Wow Philippe, it is beautiful. Write up a hunt from that time.
nice looking “Blackie shine”!Our group started planning this hunt late last year and the date was set for the 15th May 2020. Then the lockdown came and it rolled on and on, through the irritation stage through desperation to resignation that it would never lift. Eventually a window opened for the 19th to 24th August and our eyes brightened - yes, we were going to do this thing! The group comprising Woods, Barney, Nigel, Daniel and myself kicked into high gear, servicing the Series Ones, getting travel permits signed and stamped, ammo procured and generally sorting things out. Nigel, a master cabinet maker, produced a beautiful field bar out of teak and a special edition canvas safari chair embroidered with a sable on the backrest for each person on the hunt.
Wednesday morning finally arrived and we headed off with sandwiches and coffee in the Landies at their 70kph top speed. After a breakfast stop in the hills we arrived at camp in a sedate 4 hours, excited and ready for adventure. The camp looked magnificent with its sweeping green lawns surrounding the central dining and lounge area and each of the six double rooms, all thatched with terra cotta mud walls. The place screamed 'African Safari' from an era before us, ready to lift the stress and shut out the world we had left behind That afternoon was spent at the range checking zero on the two 375's, The Ruger No1 Tropical the Verney Carron O/U double. Plans were discussed well into the evening around the fire, with the meat sizzling and the night jars calling.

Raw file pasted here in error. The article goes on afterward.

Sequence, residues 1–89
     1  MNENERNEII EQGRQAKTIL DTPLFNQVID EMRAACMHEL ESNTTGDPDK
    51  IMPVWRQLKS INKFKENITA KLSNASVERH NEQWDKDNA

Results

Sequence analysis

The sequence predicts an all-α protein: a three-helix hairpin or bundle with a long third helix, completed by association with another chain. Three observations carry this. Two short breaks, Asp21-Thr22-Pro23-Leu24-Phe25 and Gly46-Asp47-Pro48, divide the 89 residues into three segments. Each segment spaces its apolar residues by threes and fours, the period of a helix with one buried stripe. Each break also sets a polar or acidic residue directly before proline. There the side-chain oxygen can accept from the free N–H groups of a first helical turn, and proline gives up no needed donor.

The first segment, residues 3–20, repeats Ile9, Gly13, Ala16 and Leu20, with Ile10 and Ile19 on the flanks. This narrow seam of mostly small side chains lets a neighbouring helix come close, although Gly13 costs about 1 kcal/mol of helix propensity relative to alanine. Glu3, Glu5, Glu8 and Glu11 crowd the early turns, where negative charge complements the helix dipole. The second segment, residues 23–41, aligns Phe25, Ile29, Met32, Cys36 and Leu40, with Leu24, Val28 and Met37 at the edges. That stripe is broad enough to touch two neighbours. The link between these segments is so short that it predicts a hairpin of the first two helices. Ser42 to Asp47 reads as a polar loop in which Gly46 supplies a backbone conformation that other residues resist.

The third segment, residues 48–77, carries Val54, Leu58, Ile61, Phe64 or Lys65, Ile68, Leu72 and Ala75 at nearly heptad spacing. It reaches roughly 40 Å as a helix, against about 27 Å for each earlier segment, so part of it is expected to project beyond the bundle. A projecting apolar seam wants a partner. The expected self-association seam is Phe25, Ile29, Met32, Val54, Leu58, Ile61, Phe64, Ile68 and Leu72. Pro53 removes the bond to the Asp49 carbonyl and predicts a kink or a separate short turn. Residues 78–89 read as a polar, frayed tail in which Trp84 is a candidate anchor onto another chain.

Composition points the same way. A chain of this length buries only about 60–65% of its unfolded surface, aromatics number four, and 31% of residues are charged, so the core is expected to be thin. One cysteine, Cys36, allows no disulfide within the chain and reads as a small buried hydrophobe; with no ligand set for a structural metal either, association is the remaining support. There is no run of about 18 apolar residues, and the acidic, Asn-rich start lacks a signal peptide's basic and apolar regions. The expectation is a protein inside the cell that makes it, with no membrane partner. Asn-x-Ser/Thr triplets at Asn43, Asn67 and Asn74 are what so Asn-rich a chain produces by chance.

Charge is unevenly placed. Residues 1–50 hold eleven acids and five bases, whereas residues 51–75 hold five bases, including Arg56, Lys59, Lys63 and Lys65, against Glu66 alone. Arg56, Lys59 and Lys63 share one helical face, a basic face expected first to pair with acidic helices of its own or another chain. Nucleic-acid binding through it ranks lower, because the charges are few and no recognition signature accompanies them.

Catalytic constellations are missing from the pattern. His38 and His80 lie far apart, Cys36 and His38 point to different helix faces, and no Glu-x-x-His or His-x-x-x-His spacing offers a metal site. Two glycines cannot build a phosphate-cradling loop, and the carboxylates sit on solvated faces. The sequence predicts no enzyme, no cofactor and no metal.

Next morning the remaining three members of our party arrived from Kadoma, one of whom was an accomplished bush chef as he was to prove with several fine dishes to plump us up, including beautiful bread baked in a cast iron pot.
The hunting group set off in the Landies in search of sable and eventually spotted a large herd some distance off. Peter, our guide lead me on the stalk and we got up near twice, but no clear shot. In any event the safari owner didn't want us to shoot out of a herd, so the exercise was always going to be a practice anyway. Good practice it was at that, rolling the Courteneys as quietly as possible in the dry winter leaves, one careful crunch at a time. The afternoon ended with one more follow on another group of sable, perhaps ten of them, but the bulls were too young when we got close enough to glass them. That evening by the fire the stories flowed, and that wasn't all that flowed, but the hunting group paced themselves knowing that tomorrow would be tough.
The second hunting day saw us up earlier and more determined. This time we tried a totally different area of the fifteen thousand acre concession, looking for an elusive lone bull that had been seen over on that side. The slow drive on the traverse roads yielded a pair of klip springer, giraffe, a magnificent zebra stallion, but no sable. Eventually we approached a conical hill about 50 meters high. Barney and Peter went up to glass and soon returned in excitement - there was a lone sable bull in the bush in the flat plain on the other side. Again Peter and I stalked and there he was in the scrub, about eighty meters away and concealed in the foliage. Out came the binos and although the horns looked respectable, the body still had a bit too much brown, so immature despite being out here on his own. Back to the Landies for a think and a cup of tea, and it was decided to cross the whole concession to the far corner in the mafuti woodland section. Well we saw wildebeest, giraffe, eland, kudu, bushbuck, warthog, zebra and of course impala, but not a single sable. That night around the fire the conversation was a bit subdued, the beautiful embroidered black sable on our chairs looked to be an elusive creature.